Bob Marley’s thoughts on punk

A report by Joe Taysom for Far Out Magazine.

Comparisons with reggae were rife following the emergence of punk, and it’s straightforward to comprehend the reasons why. After all, they told real stories from the heart of the people, and both respective scenes similarly ruffled feathers, but it’s safe to say that you wouldn’t have caught Bob Marley donning a leather jacket and listening to ‘Pretty Vacant’.

Both movements were a response to fighting back against authority, but, musically, the similarities were sparse, and it’s challenging to draw any parallels on that level beyond their shared social consciousness. 

Additionally, their world views were also different due to the contrasting climates that made them. What mattered to Johnny Rotten isn’t necessarily the same causes of significance to Marley, but that didn’t stop the Sex Pistols singer from connecting with dreads.

The Clash famously infused elements of reggae into their sound, and they weren’t the only punk group that mined inspiration from the Jamaican-born scene. When Rotten appeared on Capital Radio in 1978, he played a selection of tracks from the genre. One of the tracks he aired was Dr Alimantado’s ‘Born For A Purpose’, and the frontman also explained why he felt they were kindred spirits.

“Just after I got my brains kicked in (referring to being attacked for ‘God Save The Queen’ by royalists), I went home and played it,” he revealed. “There’s a verse in it: ‘If you have no reason for living, don’t determine my life.’ The same thing happened to him. He got run over because he was a dread.”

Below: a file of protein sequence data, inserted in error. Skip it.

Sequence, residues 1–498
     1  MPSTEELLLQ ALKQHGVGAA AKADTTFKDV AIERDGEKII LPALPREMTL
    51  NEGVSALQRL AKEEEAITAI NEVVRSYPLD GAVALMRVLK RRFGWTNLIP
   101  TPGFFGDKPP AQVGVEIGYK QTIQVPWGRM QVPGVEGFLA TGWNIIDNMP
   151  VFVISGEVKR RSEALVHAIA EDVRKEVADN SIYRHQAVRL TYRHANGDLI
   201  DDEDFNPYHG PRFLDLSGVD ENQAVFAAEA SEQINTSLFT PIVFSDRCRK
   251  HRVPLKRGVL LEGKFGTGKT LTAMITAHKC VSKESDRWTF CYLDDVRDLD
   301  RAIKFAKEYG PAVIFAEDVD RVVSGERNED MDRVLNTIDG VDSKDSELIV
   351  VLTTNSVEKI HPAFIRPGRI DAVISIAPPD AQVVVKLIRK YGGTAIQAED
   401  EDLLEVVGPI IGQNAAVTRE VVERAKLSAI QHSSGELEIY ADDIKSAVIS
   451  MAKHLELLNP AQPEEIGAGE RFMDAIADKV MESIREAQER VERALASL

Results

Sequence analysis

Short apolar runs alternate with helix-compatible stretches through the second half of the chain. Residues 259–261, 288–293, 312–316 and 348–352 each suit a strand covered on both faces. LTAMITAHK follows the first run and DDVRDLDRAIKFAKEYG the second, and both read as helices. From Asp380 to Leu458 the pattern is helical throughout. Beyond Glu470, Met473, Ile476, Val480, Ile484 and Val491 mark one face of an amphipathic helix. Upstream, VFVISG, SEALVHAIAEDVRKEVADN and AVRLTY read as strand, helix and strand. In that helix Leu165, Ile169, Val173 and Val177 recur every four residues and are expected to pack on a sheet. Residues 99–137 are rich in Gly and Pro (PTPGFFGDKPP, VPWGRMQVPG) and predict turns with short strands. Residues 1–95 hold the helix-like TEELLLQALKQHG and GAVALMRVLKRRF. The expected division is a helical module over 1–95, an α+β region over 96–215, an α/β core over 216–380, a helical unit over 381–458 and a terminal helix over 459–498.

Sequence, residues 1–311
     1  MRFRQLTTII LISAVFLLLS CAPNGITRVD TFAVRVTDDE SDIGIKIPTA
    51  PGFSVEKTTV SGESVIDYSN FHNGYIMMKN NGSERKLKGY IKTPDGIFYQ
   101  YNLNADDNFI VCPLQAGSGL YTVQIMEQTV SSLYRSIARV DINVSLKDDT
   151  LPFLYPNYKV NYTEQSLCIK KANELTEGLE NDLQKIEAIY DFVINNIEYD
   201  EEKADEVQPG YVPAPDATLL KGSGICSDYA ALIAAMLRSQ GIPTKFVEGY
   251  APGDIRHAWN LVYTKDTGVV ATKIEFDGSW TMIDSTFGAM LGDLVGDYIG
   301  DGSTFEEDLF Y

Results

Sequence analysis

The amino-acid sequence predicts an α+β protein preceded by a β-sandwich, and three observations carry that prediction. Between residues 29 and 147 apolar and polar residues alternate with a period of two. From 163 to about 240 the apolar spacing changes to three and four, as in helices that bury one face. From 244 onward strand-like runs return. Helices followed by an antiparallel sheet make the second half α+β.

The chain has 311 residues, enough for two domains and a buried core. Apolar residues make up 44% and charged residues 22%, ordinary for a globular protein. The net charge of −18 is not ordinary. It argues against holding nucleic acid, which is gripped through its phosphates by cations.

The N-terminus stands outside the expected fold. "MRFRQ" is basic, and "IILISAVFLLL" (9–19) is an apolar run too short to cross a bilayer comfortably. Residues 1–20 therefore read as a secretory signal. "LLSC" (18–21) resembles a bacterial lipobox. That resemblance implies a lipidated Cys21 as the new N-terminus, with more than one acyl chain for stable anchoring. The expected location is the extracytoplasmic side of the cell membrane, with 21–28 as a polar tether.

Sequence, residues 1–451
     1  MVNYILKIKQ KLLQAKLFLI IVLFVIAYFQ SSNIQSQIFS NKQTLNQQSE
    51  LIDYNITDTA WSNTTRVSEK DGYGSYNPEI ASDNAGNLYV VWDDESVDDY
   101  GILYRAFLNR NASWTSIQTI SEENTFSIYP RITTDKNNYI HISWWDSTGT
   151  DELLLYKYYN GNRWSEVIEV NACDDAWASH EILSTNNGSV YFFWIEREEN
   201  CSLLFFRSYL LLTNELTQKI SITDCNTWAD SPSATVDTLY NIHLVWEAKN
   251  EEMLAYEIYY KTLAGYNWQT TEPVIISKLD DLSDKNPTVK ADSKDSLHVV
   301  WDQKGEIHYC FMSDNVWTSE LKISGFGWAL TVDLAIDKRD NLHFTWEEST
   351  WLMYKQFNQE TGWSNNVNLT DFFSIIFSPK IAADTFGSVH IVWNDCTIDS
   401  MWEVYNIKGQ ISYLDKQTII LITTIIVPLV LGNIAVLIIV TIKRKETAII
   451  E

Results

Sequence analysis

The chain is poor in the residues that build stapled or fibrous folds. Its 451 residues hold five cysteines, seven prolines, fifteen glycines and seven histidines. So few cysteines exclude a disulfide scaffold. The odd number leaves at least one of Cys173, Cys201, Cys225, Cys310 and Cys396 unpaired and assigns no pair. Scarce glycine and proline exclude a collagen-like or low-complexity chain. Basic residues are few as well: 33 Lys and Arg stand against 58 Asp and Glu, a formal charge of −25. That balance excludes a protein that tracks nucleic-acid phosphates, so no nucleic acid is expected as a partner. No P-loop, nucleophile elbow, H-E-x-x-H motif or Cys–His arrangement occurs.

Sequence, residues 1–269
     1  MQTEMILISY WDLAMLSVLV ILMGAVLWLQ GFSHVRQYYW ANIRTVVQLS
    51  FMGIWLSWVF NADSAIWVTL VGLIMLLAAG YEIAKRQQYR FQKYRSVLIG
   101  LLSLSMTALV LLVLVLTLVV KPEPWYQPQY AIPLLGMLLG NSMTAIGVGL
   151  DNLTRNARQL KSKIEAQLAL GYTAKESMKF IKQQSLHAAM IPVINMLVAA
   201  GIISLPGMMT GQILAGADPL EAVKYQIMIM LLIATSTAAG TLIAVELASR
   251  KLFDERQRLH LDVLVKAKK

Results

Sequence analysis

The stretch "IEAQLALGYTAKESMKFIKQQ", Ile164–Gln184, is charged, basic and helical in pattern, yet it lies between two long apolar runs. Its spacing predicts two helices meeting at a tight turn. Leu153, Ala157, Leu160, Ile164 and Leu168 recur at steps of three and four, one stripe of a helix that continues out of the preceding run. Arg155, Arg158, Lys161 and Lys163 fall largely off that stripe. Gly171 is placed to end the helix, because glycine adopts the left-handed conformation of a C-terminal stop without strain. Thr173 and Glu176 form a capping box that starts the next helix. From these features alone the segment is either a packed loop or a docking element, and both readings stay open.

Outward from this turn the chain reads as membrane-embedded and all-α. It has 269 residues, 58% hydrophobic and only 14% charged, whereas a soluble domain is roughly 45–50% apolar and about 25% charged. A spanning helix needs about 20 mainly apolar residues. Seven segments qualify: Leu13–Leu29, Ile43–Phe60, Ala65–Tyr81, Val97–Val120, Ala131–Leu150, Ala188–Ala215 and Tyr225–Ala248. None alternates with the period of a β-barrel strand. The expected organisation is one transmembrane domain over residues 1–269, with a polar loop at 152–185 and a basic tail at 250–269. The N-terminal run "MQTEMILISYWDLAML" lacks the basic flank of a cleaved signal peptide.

Contrastingly, Marley didn’t feel that same intense attachment towards punk that the British punk bands felt towards the movement which he spearheaded. When probed on his thoughts on the genre, Marley once told Hot Press in 1978, “Yeah, we listen to other music, man. All music, we listen to. We listen to Barry White. We listen to Issac Hayes. Also Earth, Wind and Fire. We listen to all black artists, man.”

He then continued to reel off more names and added, “Yeah, we listen to most people we get from Island. Stones and people. And Jefferson Starship, The Eagles and an’ all of them.”

Marley then discussed the spiritual link between punk, and reggae, which elicited this response from Marley, “I couldn’t really stop the snow, you know? It’s a mystic association. No comment. I never really hear a lot of punk music, y’know?”.

Although he didn’t listen to any punk groups, Marley could appreciate that they were fighting back against the powers that be, which was sufficient to earn his respect. “It’s great ‘cos a punk feel that English society do them no good. They want them roots,” he commented.

Marley’s opinion is a fair representation of the interrelation between punk and reggae, which wasn’t an equal one, with the latter inspiring the former rather than a two-way street. Nevertheless, the singer could appreciate anyone willing to fight the good fight and using music to make the world a fairer place.

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